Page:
Jeffrey Hollender
President, Seventh Generation, Inc.
"In spite of the obstacles, I've never stopped believing in a zero waste society. Recycle everything. Landfill nothing. It's perfect. So perfect that you'd think the idea would have universal appeal in an economy so intensely focused on efficiency. What's not to love about recycling? It creates 10 jobs for every one job created at a landfill. It's better for the environment. It saves natural resources, conserves huge amounts of energy, closes landfills, prevents waste incineration, and results in much less air and water pollution. It helps prevent global warming. It improves public health. It's the mother of environmental no-brainers. I highly recommend a visit to the Grassroots Recycling Network web site at http://www.grrn.org."

What Is Zero Waste? top

Zero Waste is a new planning approach for the 21st Century that seeks to redesign the way that resources and materials flow through society, taking a 'whole system' approach. It is both a 'back end' solution that maximizes recycling and minimizes waste, and a design principle that ensures that products are made to be reused, repaired or recycled back into nature or the marketplace. Zero Waste embodies approaches that enable rapid waste reduction outcomes, breakthrough strategies rather than incremental change. The specific concepts of zero waste include:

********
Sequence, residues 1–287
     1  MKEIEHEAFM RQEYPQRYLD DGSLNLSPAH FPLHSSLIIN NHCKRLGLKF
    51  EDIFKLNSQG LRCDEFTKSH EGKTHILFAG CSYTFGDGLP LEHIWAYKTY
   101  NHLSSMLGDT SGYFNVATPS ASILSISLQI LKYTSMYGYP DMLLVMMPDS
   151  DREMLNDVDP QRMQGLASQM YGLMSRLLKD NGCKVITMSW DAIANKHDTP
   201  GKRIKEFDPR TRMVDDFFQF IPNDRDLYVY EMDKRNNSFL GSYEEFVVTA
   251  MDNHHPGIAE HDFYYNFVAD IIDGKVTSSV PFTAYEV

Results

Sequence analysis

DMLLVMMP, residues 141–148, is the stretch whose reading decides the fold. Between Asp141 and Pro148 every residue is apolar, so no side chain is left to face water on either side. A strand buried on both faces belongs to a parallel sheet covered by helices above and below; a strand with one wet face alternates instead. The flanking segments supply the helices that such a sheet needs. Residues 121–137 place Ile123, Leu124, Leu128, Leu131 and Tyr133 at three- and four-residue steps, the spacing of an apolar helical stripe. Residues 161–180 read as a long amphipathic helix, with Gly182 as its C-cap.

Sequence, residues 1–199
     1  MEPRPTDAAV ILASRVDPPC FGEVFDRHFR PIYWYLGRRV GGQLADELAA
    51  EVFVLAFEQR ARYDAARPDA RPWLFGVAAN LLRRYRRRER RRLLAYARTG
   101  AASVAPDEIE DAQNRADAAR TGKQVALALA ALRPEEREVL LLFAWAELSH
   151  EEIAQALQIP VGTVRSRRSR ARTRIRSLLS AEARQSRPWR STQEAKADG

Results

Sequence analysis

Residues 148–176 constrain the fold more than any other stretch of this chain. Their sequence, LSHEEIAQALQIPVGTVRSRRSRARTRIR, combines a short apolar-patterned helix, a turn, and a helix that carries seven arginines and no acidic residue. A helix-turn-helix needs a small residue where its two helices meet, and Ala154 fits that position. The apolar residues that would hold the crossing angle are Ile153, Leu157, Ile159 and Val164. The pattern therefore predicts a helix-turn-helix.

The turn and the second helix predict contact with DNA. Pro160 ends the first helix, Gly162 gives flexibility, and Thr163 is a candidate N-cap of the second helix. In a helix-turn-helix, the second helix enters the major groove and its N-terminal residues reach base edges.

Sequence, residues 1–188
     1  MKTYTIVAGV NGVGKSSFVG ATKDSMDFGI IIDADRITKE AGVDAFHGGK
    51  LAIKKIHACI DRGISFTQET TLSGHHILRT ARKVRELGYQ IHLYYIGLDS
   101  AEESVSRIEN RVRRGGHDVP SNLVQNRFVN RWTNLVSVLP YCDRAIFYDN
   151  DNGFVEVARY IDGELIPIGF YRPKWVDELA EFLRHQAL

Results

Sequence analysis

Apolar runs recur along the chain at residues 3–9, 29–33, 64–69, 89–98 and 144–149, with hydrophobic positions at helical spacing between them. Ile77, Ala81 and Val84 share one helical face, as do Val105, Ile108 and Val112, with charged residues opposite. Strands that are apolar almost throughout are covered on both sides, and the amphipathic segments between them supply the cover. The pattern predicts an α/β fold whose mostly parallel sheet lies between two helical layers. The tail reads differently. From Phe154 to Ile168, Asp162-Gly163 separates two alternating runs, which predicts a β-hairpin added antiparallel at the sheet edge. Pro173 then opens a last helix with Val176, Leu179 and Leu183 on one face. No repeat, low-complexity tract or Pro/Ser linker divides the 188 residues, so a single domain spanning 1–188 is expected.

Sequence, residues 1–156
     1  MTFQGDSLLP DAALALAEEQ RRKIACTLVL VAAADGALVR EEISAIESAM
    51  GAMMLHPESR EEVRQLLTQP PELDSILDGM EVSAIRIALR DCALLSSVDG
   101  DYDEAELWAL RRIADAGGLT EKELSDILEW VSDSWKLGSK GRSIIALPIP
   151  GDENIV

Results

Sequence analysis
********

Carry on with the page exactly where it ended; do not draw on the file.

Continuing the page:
• designing products for durability and recyclability;
  • creating jobs from discards;
  • giving manufacturers incentives for creating less waste by holding them responsible for the materials they produce;
  • creating infrastructures for increased recycling, composting, and reuse; and
  • ending taxpayer subsidies for wasteful and polluting industries.